“Two-and-a-half months had passed since the operation, during which everything had been going through my mind as to whether it had worked and what would happen if it hadn’t,” said Daley.

“I was told to expect a call from Mr Mak, and he rang and said he was pleased to tell me that I was now cancer-free.

“I was sat in the kitchen on the one chair, with Lyn on another, and it is difficult to describe the feeling of hearing those words.

“I said ‘thank you so much’ to Mr Mak, put the phone down, and by this point I was crying again, and so was Lyn.

“Just waiting for that call knowing it could go either way with so much depending on it, it was such a relief to get the news.

“After that call I was on the phone to all the family, letting them know, and while we didn’t have a celebration event as such, the smiles on faces when we met up – well, that was more than enough of a celebration.”

Daley remains a hugely popular figure among the Molineux fanbase, not just because of his award-winning after dinner speaking routine which has followed his career, but for his exploits during eight years as a professional with Wolves having emerged through Wath Wanderers, their nursery club at the time.

Solid, brave, a wide midfielder with a great engine who was rarely knocked off the ball, Daley also had an eye for goal, notching 43 goals from 244 games and earning England ‘B’ recognition before eventually being coveted so strongly, and expensively, by Manchester City.

Born in Barnsley, Daley later went on to spread his wings and play in America before returning to Walsall, settling as he is now in Codsall and remaining so close to many of his former Wolves team-mates.

Wolverhampton Wanderers former players golf day at Oxley Golf Club. Steve Daley with Neil Watkins, Chris Walker and Andy King. Pics by Dave Bagnall. Pics by Dave Bagnall

He also serves as Vice-Chairman with Wolves Former Players Association and organises the Annual Golf Day at Oxley Park, coming up next week, which raises thousands of pounds for local charities.

One of those former team-mates, John Richards, is Chairman of Wolves FPA, an organisation which has increased its support to former players in recent years.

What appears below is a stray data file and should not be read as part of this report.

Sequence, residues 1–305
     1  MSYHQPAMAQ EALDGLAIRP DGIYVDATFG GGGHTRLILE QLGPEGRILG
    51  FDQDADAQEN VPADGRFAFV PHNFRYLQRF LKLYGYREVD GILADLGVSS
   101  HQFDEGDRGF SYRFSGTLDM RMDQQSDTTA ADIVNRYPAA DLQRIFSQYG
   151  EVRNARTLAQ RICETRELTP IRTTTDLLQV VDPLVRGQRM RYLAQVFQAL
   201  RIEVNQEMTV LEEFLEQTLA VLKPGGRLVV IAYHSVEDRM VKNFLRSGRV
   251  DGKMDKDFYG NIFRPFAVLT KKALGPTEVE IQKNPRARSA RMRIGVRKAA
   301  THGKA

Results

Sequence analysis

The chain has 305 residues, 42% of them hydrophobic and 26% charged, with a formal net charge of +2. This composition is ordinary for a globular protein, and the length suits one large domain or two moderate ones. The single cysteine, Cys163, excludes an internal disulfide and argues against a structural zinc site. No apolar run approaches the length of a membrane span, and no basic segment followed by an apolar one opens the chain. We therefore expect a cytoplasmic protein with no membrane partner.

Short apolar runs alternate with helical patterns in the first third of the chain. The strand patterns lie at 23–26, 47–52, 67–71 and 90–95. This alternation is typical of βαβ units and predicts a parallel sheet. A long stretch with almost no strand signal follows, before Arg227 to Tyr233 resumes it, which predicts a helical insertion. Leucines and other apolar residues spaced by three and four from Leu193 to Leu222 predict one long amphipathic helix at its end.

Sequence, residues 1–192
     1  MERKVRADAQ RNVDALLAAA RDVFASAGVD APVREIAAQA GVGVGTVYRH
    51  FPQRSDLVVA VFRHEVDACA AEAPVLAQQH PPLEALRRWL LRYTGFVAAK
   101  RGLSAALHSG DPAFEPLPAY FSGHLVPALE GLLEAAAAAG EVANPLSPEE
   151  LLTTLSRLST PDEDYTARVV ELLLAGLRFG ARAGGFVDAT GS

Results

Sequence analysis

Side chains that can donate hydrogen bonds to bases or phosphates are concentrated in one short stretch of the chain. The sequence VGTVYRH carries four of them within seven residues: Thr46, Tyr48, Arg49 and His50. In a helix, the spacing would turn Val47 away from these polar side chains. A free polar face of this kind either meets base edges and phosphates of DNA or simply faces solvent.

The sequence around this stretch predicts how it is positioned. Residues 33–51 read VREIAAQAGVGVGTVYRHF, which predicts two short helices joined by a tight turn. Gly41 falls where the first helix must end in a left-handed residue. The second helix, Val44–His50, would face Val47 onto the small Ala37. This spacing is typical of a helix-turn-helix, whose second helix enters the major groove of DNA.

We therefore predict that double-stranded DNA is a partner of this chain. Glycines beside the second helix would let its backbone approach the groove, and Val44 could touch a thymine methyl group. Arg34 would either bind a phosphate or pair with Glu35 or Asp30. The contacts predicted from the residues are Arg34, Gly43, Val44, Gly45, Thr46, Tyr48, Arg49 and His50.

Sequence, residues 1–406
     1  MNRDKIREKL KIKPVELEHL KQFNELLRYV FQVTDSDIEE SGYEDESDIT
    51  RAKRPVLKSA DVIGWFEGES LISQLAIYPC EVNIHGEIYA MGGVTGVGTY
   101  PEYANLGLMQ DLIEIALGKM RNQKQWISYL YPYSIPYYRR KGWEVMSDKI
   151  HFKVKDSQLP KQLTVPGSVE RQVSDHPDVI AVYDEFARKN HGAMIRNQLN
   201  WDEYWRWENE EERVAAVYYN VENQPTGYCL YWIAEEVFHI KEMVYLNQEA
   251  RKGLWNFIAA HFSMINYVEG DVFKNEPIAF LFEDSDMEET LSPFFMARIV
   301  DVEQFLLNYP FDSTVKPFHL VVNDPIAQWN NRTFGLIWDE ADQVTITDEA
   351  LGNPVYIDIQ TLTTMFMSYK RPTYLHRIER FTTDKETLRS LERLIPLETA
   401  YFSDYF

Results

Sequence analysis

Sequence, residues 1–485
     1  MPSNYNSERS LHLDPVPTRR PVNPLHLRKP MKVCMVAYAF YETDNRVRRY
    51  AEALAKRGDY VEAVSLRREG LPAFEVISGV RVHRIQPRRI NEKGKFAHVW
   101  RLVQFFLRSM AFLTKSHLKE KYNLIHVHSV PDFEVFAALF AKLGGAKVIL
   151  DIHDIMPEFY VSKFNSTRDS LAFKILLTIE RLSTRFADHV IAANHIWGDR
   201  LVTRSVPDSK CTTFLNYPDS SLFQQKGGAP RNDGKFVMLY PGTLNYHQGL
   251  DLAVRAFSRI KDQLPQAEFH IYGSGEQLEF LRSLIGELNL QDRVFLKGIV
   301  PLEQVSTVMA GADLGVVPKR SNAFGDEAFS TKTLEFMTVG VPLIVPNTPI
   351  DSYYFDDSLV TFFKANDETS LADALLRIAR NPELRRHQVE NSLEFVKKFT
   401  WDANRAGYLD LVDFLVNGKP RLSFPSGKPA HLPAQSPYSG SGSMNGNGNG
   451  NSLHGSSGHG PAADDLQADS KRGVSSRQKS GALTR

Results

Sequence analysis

“It’s so impressive that Steve and Lyn have decided to highlight his diagnosis and help people understand the importance of early diagnosis, especially for men over the age of 50,” says Richards.

“We know Steve has a profile both locally and nationally from his football and his after-dinner speaking and him going public will hopefully have a really positive impact and encourage people, even if they think they only have minor symptoms, to get checked out by a doctor.

“It follows on from other former players such as Geoff Thomas and Carl Ikeme who have gone through their own diagnoses and have since done so much fantastic work to raise awareness.

“There are lots of former players who have had problems in recent years and some who were quite poorly during Covid so it’s important that we all keep checking in with each other to see how everyone is doing even if it is just offering moral support.

“We might all have been fit and healthy footballers in our time but we’re not immune from anything and for my generation we are at an age where we need to make sure we have regular check-ups or go and see someone if something doesn’t seem right.

“That is why it is so important that Steve is doing what he is doing to raise awareness and obviously we are all keen to support him in any way that we can.”

For Daley, he must now return for regular blood tests to keep an eye on his condition but, with the help of daily exercises – “my pelvic floor”, he says with a chuckle – he is feeling physically as good as ever, and also returned to the golf course himself – “I’m still playing as badly as ever, mind you,” he reveals.